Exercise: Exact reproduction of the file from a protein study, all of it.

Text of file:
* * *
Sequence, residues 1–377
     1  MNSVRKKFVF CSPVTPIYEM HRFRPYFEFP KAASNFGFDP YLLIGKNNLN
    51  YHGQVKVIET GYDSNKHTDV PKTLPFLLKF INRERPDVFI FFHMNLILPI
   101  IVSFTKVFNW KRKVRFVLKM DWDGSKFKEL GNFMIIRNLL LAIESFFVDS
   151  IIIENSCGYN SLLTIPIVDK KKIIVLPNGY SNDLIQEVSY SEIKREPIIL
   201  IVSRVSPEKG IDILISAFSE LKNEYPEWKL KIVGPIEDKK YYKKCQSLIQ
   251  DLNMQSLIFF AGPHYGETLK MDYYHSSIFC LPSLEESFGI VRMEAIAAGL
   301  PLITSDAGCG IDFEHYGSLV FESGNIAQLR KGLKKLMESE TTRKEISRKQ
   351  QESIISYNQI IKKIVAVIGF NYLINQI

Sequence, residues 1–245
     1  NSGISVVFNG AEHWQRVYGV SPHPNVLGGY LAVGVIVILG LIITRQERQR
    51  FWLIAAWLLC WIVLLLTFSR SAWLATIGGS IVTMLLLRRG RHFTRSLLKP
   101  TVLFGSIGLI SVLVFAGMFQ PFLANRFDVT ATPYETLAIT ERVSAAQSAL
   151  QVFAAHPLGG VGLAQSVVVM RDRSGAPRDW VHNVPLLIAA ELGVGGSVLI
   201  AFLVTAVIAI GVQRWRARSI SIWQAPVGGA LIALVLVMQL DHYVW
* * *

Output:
Sequence, residues 1–377
     1  MNSVRKKFVF CSPVTPIYEM HRFRPYFEFP KAASNFGFDP YLLIGKNNLN
    51  YHGQVKVIET GYDSNKHTDV PKTLPFLLKF INRERPDVFI FFHMNLILPI
   101  IVSFTKVFNW KRKVRFVLKM DWDGSKFKEL GNFMIIRNLL LAIESFFVDS
   151  IIIENSCGYN SLLTIPIVDK KKIIVLPNGY SNDLIQEVSY SEIKREPIIL
   201  IVSRVSPEKG IDILISAFSE LKNEYPEWKL KIVGPIEDKK YYKKCQSLIQ
   251  DLNMQSLIFF AGPHYGETLK MDYYHSSIFC LPSLEESFGI VRMEAIAAGL
   301  PLITSDAGCG IDFEHYGSLV FESGNIAQLR KGLKKLMESE TTRKEISRKQ
   351  QESIISYNQI IKKIVAVIGF NYLINQI

Sequence, residues 1–245
     1  NSGISVVFNG AEHWQRVYGV SPHPNVLGGY LAVGVIVILG LIITRQERQR
    51  FWLIAAWLLC WIVLLLTFSR SAWLATIGGS IVTMLLLRRG RHFTRSLLKP
   101  TVLFGSIGLI SVLVFAGMFQ PFLANRFDVT ATPYETLAIT ERVSAAQSAL
   151  QVFAAHPLGG VGLAQSVVVM RDRSGAPRDW VHNVPLLIAA ELGVGGSVLI
   201  AFLVTAVIAI GVQRWRARSI SIWQAPVGGA LIALVLVMQL DHYVW